"Will we do things differently?" Tucker said. "You have to. If you can't adapt, you're going to lose. It's our job as coaches to make sure whatever we bring to the table our players can execute. That's part of the challenge in the off-season."
Tucker said the defensive coaches also will study other NFL teams in the coming weeks.
"We have to decide how we go forward," Tucker said. "Some stuff will be the same. Some stuff will be different. Some stuff we'll move away from and some stuff will be new.
"You get a lot of studies and you see what other teams do, then you have to pare it down and say, 'OK, what fits our players the best?' You move forward with that, because at the end of the day you still have to execute."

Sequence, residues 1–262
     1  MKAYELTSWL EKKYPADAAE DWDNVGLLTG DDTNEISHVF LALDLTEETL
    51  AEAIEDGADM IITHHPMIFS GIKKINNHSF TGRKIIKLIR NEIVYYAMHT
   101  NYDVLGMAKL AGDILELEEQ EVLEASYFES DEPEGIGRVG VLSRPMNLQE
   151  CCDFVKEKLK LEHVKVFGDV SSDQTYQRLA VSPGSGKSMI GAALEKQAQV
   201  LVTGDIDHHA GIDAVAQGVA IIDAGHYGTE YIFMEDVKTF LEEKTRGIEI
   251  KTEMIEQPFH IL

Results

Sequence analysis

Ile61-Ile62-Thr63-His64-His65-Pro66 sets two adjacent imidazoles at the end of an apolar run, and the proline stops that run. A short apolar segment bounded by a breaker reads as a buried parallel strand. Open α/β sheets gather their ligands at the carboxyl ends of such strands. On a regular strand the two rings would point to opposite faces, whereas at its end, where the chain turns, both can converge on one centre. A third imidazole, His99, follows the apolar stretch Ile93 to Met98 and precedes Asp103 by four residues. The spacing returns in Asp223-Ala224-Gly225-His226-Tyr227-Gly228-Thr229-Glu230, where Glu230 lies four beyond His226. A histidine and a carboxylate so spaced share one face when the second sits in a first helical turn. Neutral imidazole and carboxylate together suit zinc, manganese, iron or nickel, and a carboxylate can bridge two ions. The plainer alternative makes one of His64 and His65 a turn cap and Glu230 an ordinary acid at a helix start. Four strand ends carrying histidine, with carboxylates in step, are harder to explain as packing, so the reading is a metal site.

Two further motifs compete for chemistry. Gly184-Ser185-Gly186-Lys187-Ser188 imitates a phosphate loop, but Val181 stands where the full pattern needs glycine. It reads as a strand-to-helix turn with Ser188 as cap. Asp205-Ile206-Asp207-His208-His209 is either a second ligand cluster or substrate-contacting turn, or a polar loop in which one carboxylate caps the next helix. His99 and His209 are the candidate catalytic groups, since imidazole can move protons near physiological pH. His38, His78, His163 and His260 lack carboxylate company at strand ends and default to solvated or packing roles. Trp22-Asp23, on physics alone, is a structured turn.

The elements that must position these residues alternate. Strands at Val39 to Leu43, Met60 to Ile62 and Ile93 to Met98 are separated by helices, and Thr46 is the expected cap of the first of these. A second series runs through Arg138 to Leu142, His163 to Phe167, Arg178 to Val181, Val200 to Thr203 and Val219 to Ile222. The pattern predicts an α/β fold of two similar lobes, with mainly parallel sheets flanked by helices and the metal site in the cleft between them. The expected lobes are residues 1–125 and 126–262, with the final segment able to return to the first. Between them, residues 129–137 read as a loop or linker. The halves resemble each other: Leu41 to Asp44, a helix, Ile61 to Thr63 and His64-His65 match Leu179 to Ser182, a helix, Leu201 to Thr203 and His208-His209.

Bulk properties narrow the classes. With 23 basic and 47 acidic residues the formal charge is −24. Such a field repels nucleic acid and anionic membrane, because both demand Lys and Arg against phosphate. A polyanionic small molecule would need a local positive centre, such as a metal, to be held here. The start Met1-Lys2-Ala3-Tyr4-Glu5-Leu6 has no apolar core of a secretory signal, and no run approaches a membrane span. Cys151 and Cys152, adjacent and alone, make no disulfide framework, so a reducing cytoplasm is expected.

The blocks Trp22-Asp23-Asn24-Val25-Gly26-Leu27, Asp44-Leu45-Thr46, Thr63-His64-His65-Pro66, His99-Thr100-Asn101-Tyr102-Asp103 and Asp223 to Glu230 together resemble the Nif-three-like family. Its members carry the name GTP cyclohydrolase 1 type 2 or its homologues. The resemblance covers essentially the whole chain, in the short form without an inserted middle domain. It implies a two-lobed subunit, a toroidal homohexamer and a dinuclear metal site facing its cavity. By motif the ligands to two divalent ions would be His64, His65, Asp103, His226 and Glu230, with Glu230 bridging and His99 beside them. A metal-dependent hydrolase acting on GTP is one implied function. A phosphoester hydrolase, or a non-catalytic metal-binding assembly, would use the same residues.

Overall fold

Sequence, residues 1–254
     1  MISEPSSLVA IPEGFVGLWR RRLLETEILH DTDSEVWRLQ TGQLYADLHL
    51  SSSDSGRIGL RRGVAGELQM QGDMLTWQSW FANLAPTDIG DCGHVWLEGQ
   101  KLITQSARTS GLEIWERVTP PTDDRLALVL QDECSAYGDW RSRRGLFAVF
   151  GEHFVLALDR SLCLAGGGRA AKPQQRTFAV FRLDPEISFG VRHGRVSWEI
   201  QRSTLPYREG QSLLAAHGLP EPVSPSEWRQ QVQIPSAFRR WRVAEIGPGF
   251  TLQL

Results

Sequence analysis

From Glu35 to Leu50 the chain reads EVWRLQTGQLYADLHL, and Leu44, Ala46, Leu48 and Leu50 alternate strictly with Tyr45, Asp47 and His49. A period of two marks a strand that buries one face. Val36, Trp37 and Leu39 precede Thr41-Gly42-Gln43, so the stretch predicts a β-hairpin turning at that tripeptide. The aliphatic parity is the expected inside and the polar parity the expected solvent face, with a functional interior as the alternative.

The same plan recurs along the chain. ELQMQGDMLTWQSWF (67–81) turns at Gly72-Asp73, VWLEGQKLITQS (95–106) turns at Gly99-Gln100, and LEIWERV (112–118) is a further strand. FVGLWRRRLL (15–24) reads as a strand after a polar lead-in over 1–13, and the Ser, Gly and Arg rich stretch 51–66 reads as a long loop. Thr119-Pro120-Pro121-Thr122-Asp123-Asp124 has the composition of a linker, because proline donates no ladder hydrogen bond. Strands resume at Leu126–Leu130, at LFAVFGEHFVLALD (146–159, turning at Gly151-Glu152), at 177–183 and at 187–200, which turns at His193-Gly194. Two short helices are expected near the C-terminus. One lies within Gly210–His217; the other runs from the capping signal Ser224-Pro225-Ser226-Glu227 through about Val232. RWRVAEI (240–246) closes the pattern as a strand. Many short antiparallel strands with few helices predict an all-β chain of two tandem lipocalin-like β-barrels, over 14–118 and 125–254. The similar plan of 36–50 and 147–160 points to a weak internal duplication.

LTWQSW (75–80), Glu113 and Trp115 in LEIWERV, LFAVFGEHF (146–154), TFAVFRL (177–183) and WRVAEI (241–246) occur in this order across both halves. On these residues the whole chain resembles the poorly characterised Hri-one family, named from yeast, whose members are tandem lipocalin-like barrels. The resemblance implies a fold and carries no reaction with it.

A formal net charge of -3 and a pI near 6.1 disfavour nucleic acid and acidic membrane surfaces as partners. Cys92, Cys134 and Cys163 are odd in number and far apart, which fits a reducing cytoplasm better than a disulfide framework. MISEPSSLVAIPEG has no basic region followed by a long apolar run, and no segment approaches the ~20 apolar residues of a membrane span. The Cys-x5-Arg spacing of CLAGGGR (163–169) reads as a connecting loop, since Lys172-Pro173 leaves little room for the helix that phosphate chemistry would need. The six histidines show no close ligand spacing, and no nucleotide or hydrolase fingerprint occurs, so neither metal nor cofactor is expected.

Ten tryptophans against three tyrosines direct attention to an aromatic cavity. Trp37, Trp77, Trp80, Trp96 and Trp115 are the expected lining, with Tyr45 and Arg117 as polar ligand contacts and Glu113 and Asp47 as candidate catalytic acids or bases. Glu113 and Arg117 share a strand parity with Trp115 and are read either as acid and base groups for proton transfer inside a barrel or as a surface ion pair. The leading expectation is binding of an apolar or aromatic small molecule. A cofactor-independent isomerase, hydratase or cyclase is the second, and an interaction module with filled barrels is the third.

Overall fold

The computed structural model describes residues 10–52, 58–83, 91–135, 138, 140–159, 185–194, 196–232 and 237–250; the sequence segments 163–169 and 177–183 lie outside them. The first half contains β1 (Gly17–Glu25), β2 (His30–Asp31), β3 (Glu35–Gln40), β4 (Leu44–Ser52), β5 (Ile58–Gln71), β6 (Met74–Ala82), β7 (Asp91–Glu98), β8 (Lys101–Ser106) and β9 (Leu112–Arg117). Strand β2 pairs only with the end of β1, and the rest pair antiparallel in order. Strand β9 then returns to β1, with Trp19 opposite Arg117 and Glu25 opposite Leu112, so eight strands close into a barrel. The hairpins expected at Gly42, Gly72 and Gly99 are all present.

The reason for the off-season evaluation is simple, Tucker said. There's a cliché in the NFL that if you're not getting better you're getting worse, and Tucker said it's an adage in which he believes.
Circumstances often change drastically in the NFL from year-to-year. In the case of the Jaguars, there already are differences and more are possible. The team has a new secondary coach, and while Mularkey kept much of the defensive staff intact, 2011 season-opening starters such as cornerback Rashean Mathis and defensive end Matt Roth are scheduled to become free agents in March.
"It's a new team," Tucker said. "You have a different mix of players, and the game is always changing. You can't say, 'We'll just pick up where we left off.' That's a big mistake. You have to almost say, 'We're going to start over.' You keep your basic principles and philosophies intact.
"That's your framework and that's your foundation, but you don't want to assume anything."
And over the next few weeks, Tucker said that approach will be put to the test.
"It has to be simple for our players so they can be physical, play fast and be decisive, but it has to be tough on the opponent," Tucker said. "Our overall philosophy is our guys play fastest when they know what they're doing.